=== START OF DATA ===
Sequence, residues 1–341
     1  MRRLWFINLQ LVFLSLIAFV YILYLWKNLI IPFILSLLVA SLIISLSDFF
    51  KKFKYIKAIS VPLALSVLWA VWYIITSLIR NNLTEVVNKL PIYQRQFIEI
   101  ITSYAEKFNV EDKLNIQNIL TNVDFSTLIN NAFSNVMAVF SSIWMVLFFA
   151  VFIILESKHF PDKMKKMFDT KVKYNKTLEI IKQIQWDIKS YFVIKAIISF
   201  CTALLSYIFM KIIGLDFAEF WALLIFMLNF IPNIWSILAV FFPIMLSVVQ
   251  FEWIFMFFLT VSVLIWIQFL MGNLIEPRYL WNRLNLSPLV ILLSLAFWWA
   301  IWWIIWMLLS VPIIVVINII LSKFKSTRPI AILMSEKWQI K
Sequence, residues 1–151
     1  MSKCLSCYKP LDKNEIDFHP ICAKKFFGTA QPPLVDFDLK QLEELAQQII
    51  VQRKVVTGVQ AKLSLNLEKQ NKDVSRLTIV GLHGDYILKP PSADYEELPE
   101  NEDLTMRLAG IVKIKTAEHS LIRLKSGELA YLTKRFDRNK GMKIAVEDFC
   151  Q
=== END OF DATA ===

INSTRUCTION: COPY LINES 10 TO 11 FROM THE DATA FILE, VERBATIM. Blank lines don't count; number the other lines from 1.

     1  MSKCLSCYKP LDKNEIDFHP ICAKKFFGTA QPPLVDFDLK QLEELAQQII
    51  VQRKVVTGVQ AKLSLNLEKQ NKDVSRLTIV GLHGDYILKP PSADYEELPE